All of the Studio Ghibli movies, ranked
Studio Ghibli, ranked from least perfect to most sublime
Studio Ghibli films are finally available to stream! The cinematic oeuvre of Hayao Miyazaki, Isao Takahata, and their creative collaborators became available for digital purchase and rental back in December, but now with the launch of HBO Max they are available on an American streaming service for the first time. We here at EW decided to celebrate the dawn of a new era with a rundown of all the studio's films — both for new viewers who want to know the essentials, and longtime fans who want to debate favorites.
22. When Marnie Was There (2014)
Studio Ghibli’s most recent film is unfortunately its weakest. This time-traveling ghost story is a mish-mash of tones that never quite coheres, ranging from morbidly depressing (one character literally apologizes: “it’s such a sad story”) to cheerfully dull. —Christian Holub
21. Tales From Earthsea (2006)
If anyone was capable of adapting Ursula K. Le Guin’s one-of-a-kind fantasy series for the screen, it was probably Hayao Miyazaki... which makes it a slight bummer that the legendary animator passed this project off to his son Gorō Miyazaki instead. Named after the fifth Earthsea book but based on plot elements and character moments from the first, third, and fourth novels, Tales From Earthsea gets a little too tripped up mixing and matching disparate references to tell a completely coherent story. To its credit, it does nail the most important themes of the Earthsea series (namely, that mankind should use its power in concert with the natural order rather than try to oppress it, and that death is what makes life beautiful in the first place) and there are some delightful mash-ups of Le Guin’s style with Ghibli’s aesthetic.
Still, it’s a shame that aside from a brief opening scene, an Earthsea movie spends so little time on the ocean. These days, fans of Ged and Arren’s sea journey in The Farthest Shore will find a more satisfying adaptation in Moana. —C.H.
20. Ocean Waves (1993)
A one-off in Studio Ghibli’s filmography, Ocean Waves was an experiment in letting younger staff members at the studio make their own movie. Though it wasn’t successful enough to sustain the experiment, Ocean Waves is still an interesting portrait of adolescent alienation and the strange sensation of not fully understanding certain personal encounters until years afterward. It never even got an English dub, making it a diamond-in-the-rough for American viewers. —C.H.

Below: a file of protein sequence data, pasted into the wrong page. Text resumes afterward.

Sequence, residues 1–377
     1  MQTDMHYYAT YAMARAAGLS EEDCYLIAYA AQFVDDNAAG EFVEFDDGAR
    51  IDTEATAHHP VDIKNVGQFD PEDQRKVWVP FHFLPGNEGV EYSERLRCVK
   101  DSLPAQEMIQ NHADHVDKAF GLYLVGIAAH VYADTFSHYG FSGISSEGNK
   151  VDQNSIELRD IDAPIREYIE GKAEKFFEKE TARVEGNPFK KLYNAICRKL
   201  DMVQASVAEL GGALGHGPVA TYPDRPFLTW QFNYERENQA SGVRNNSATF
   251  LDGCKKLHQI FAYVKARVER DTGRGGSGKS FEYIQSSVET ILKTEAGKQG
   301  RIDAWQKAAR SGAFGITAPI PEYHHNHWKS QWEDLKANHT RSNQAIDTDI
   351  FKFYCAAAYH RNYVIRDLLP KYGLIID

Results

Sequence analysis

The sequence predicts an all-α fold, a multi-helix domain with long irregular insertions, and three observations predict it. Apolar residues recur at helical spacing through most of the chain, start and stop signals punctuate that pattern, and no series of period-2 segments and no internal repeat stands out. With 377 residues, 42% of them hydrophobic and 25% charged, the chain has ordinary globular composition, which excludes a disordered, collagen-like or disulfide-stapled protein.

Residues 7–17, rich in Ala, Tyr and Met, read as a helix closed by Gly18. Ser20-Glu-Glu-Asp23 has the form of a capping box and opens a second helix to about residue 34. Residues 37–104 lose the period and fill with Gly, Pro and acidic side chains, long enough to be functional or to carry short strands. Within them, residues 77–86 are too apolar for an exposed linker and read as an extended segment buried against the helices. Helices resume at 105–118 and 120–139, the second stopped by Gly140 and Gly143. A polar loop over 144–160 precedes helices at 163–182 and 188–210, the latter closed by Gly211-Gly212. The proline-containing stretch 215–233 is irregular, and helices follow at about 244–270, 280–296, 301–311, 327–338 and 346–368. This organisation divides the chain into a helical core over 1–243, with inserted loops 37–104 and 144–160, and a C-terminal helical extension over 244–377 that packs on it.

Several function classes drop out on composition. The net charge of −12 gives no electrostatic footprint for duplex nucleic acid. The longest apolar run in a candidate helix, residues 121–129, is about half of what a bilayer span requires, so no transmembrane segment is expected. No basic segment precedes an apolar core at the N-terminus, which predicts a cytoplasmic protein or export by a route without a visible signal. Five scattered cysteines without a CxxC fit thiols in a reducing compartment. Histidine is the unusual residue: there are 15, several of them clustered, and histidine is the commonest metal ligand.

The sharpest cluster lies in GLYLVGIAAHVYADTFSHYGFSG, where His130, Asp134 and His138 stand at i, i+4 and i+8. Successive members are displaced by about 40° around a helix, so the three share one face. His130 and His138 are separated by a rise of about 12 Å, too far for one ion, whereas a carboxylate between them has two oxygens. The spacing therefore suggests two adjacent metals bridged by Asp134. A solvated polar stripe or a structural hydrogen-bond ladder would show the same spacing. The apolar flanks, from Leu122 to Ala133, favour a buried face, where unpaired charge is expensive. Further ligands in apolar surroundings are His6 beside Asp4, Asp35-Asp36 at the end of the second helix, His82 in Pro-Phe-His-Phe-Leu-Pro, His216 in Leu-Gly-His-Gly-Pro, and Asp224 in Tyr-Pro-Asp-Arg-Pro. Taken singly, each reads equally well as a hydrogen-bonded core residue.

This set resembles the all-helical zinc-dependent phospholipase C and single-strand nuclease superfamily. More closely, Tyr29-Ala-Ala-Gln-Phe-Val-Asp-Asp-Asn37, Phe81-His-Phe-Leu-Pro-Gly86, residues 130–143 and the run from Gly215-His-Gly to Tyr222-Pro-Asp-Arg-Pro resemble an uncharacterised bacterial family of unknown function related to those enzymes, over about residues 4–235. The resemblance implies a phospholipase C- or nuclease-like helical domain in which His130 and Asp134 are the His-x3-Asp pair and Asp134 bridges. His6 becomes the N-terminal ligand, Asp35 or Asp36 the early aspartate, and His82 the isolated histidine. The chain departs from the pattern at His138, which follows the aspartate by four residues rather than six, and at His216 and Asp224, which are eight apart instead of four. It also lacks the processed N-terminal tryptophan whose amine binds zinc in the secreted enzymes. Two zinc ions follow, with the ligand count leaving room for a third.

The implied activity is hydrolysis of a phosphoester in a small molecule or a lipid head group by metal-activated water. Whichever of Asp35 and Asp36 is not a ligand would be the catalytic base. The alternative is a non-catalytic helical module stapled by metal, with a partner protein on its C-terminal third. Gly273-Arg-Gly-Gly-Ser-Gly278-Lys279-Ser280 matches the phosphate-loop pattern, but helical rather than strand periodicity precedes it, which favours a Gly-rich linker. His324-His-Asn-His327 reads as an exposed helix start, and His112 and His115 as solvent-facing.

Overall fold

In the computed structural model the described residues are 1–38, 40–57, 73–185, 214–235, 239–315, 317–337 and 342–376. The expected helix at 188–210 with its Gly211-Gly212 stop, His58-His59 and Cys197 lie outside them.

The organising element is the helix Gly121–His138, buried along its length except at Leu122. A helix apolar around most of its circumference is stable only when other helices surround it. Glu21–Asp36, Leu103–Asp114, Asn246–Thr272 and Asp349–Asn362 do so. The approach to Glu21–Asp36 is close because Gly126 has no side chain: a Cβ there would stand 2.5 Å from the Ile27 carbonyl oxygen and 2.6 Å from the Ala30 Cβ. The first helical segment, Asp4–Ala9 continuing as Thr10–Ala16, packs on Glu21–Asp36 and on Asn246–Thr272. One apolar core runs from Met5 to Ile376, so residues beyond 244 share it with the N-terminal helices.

19. From Up on Poppy Hill (2011)
Goro Miyazaki’s second directorial effort is a more cohesive story than his first, and the jaunty score by Satoshi Takebe gives From Up on Poppy Hill a delightful energy that matches its early-’60s period setting. But making the central romantic challenge a case of possible incest just strikes a discordant note. —C.H.
18. The Cat Returns (2002)
Possibly the Ghibli film least tethered to reality, The Cat Returns takes the elegant cat statue character from Whisper of the Heart and really runs with it, sending protagonist Haru on an Alice in Wonderland-like journey through a magical cat kingdom. The English voice dub has some delightfully odd casting choices, such as Peter Boyle as Haru’s fat white cat guide and Elliott Gould as a raven named Toto. If you’re a cat person, it’s a colorful imagining of what a cat society could look like. If you’re not a cat person, it’s a lot to take. —C.H.
17. The Secret World of Arrietty (2010)
Hayao Miyazaki and Isao Takahata had wanted to adapt Mary Norton’s 1952 children’s book The Borrowers (about sprite-sized people who borrow objects from everyday human life in order to survive) for decades. The final result, directed by Hiromasa Yonebayashi, is pretty to look at and inventive in its worldbuilding (to a Borrower like Arrietty, a pin is a heroic sword and a sugar cube is a feast) but ultimately feels a little hollow. —C.H.
16. Whisper of the Heart (1995)
The great “what-if” from Studio Ghibli’s history, Whisper of the Heart was the only feature directed by Yoshifumi Kondo before his untimely death in 1998. It’s hard not to think about what else could have been, but Whisper of the Heart is still a wonderful piece about young love in and of itself. Falling for a talented young violin maker inspires Shizuku to explore her own creative talents as a writer. Her first attempt at a novel, inspired by an intriguing cat statue called the Baron owned by her crush’s grandfather, makes for a balanced blend between fantasy and reality (whereas the film’s eventual spin-off, The Cat Returns, dives headfirst into absurd fantasy territory). The fact that translating and reinterpreting John Denver’s song “Take Me Home, Country Roads” is at the center of the movie adds an extra resonance to American viewers watching translated versions of these Japanese films. —C.H.
15. Pom Poko (1994)